Born and raised in Bed-Stuy, he spent his childhood listening to tapes by A Tribe Called Quest, Naughty by Nature, and Biggie on his mother’s Walkman. His aunt introduced him to dancehall and reggae, while his grandmother played him soca and oldies. His father, whom he lost at the age of 6, kept music “blasting in the house or blasting in the block party.” He moved to East New York at age 15, and the nearby Fresh Creek Nature Preserve, an expanse of green surrounded by housing complexes, became his “backyard patio.” (These days, he wanders around Fresh Creek beatboxing to himself.) At 16, inspired by a SMACK DVD interview with Rsonist from the Heatmakerz, he downloaded FruityLoops studio, a digital-audio workstation. Making music felt familiar to him, like riffing with his friends as a kid. “I could find music out of anything,” he says. “It’s been with me like that since, like, public school, junior high school. Somebody says something and we repeat it in a musical way and then we just start making a song out of it.”

In the genre of meme remixes that provide relief from the news, “Lose Yo Job” was an instant classic. The original clip shows a woman named Johnniqua Charles being detained by a nightclub security guard with her hands behind her back as she sings “You about to lose yo job ’cause you are detaining me for nothing.” The remix displays the mug shots of each police officer involved in the killing of George Floyd with the word CHARGED printed in red above. Floyd’s death was particularly bitter for iMarkkeyz, who is the nephew of Eric Garner on his father’s side. A video of Garner’s death in a police choke hold, in which he can be heard saying “I can’t breathe” 11 times, spread across the internet in 2014.

Like Garner, Floyd had repeated the words I can’t breathe countless times before his death. “[Floyd’s death] put a dent in my grandmother’s heart,” says iMarkkeyz, referring to Garner’s mother, Gwen Carr. “Because it’s the same exact thing that my uncle went through in Staten Island. If it’s taking this long to get this man, when he just killed somebody on-camera with no remorse, what does that tell you? What makes you think this is not going to keep happening?” Garner’s last words became a slogan for the Black Lives Matter movement, including during this year’s protests, where, at times, you could hear them repeated alongside “You about to lose yo job.” iMarkkeyz’s remix became a​ thrillingly hopeful​​ protest anthem in a time when Black Americans still have little recourse for justice.

Making “Lose Yo Job” in June was a “group project” between iMarkkeyz and DJ Suede the Remix God, a Georgia-based producer known for his pop-culture remixes. “Sometimes we’ll flip a coin and be like, ‘Well, I got the melody, you got the drums’ or ‘I got the drums,’ ” says iMarkkeyz. But the cadence here was all Charles. While the star of “Coronavirus” was unmistakable, little was known about the energetic, freestyling woman behind the “Lose Yo Job” video until her sister reached out to iMarkkeyz directly to let him know Charles was homeless. “It was shocking to us,” he says. “I told her sister, ‘Okay, I’m gonna make a GoFundMe page. You can get access to the account. [I’m gonna] make a ringtone. My people is going to get everything copyrighted for her, as far as the actual clip of the original video. And then [she’ll] get shares in the song.’ We wanted to make sure she was situated and off the streets.”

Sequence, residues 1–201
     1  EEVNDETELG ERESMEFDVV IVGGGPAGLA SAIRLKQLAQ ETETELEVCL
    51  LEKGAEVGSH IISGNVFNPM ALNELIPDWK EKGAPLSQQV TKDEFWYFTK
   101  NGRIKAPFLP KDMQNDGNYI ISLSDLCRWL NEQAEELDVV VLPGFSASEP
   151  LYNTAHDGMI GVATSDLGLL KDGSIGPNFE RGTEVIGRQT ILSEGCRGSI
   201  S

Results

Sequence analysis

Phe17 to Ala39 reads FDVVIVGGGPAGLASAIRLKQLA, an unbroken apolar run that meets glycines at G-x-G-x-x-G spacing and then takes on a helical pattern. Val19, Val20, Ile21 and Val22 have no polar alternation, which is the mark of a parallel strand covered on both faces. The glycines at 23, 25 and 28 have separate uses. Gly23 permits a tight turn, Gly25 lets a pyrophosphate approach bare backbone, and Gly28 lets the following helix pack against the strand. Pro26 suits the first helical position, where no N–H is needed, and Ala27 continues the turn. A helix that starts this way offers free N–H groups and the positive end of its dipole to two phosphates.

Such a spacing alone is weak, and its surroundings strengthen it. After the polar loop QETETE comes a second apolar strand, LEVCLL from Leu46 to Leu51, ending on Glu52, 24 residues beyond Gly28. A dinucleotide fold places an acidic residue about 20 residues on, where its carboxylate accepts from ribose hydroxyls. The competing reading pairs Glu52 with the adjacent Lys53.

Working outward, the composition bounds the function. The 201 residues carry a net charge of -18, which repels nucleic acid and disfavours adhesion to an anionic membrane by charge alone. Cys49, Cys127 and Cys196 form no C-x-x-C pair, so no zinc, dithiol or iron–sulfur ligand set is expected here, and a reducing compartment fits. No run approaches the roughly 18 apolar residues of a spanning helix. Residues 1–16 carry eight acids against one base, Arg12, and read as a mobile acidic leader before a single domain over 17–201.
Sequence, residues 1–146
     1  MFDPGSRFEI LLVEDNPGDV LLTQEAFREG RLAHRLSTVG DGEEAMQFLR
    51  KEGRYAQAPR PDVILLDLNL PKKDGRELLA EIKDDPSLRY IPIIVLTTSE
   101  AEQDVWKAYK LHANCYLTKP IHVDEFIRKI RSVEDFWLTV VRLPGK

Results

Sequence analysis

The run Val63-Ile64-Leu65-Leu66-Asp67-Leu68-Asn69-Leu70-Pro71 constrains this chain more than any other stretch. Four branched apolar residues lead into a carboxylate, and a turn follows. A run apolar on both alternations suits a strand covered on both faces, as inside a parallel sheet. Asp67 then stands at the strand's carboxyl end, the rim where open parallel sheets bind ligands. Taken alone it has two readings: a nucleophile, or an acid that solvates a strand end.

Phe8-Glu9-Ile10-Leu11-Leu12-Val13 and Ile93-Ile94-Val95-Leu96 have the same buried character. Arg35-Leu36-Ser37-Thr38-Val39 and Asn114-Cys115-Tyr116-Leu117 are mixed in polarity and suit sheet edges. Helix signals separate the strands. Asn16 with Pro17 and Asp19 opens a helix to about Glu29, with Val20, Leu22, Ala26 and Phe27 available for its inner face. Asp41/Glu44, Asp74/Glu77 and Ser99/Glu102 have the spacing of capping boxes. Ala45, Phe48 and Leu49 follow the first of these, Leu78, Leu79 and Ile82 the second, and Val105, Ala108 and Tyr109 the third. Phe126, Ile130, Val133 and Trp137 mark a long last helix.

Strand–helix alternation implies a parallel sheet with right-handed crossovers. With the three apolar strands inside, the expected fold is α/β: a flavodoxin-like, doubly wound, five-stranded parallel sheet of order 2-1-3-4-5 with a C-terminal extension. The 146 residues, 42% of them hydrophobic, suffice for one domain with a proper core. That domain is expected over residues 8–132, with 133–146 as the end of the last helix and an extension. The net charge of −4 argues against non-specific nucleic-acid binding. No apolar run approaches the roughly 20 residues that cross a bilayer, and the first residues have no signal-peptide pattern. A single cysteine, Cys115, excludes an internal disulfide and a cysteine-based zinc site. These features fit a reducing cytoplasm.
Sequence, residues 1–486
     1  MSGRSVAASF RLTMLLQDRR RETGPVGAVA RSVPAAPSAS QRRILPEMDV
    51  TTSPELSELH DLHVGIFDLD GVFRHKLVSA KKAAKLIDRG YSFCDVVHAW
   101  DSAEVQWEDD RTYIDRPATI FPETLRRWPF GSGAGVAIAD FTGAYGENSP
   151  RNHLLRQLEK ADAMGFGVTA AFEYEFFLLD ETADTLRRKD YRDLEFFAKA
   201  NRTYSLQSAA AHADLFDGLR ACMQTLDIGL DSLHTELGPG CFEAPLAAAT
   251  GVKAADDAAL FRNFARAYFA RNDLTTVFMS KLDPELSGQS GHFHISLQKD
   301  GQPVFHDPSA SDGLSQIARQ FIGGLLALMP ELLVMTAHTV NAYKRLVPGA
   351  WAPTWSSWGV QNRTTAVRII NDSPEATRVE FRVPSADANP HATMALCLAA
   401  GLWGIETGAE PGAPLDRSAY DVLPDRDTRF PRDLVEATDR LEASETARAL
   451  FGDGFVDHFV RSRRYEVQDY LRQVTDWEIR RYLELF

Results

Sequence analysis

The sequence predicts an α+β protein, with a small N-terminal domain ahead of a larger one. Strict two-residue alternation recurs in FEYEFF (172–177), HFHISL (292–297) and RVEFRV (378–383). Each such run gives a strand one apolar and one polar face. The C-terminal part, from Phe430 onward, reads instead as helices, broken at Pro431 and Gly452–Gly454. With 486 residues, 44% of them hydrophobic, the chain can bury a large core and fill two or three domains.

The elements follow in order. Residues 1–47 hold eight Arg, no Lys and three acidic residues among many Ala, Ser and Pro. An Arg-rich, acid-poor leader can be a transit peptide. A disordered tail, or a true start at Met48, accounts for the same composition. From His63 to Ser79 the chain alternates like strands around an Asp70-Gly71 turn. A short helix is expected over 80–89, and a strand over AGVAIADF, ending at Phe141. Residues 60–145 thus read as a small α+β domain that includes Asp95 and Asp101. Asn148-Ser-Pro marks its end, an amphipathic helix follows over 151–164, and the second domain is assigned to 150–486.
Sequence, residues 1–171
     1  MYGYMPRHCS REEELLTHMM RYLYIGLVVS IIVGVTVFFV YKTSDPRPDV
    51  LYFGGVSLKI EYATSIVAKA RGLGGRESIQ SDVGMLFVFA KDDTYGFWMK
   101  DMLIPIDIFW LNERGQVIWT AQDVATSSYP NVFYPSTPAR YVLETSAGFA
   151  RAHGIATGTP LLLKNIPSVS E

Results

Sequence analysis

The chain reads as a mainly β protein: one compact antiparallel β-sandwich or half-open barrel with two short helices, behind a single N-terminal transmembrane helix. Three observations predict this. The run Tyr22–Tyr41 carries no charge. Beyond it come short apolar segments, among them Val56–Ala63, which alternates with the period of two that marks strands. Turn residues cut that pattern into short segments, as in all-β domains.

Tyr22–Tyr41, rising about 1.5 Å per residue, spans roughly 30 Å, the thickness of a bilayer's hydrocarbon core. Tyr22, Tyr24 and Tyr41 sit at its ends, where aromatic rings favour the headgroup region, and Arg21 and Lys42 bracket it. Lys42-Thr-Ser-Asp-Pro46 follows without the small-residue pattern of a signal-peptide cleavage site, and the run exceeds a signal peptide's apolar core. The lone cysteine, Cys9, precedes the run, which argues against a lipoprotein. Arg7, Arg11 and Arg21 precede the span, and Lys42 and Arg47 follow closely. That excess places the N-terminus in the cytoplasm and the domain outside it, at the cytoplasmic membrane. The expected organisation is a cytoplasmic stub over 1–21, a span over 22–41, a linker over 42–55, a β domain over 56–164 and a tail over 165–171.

Back in 2014, iMarkkeyz wasn’t able to monetize a video like “Rounds,” but this time he made it a priority to secure compensation for himself and for Charles. He uploads his songs to a service called DistroKid, which allows independent artists to distribute their music on platforms like Spotify and YouTube and collect revenue everywhere the song is streamed. Charles and her 4-year-old son have now moved into their own home, and she’s expecting another baby. “Basically, we changed someone’s life,” iMarkkeyz says, still in disbelief.

“Lose Yo Job” injected hope into the fight for justice, but it’s not a PSA. “Racists don’t give a damn,” he says. “I don’t want to waste my energy to just get a point across when nobody’s gonna really listen.” He’s just trying to keep the party going for his community of supporters online and, hopefully, someday in real life again. “I want people to come out and have a good time,” he says, “and go home with a memory like, ‘Oh, I just found this girl at iMarkkeyz’s party, and now we married.’ ”

*This article appears in the December 21, 2020, issue of New York Magazine. Subscribe Now!

2020 Looked Bleak. Then DJ iMarkkeyz Remixed It.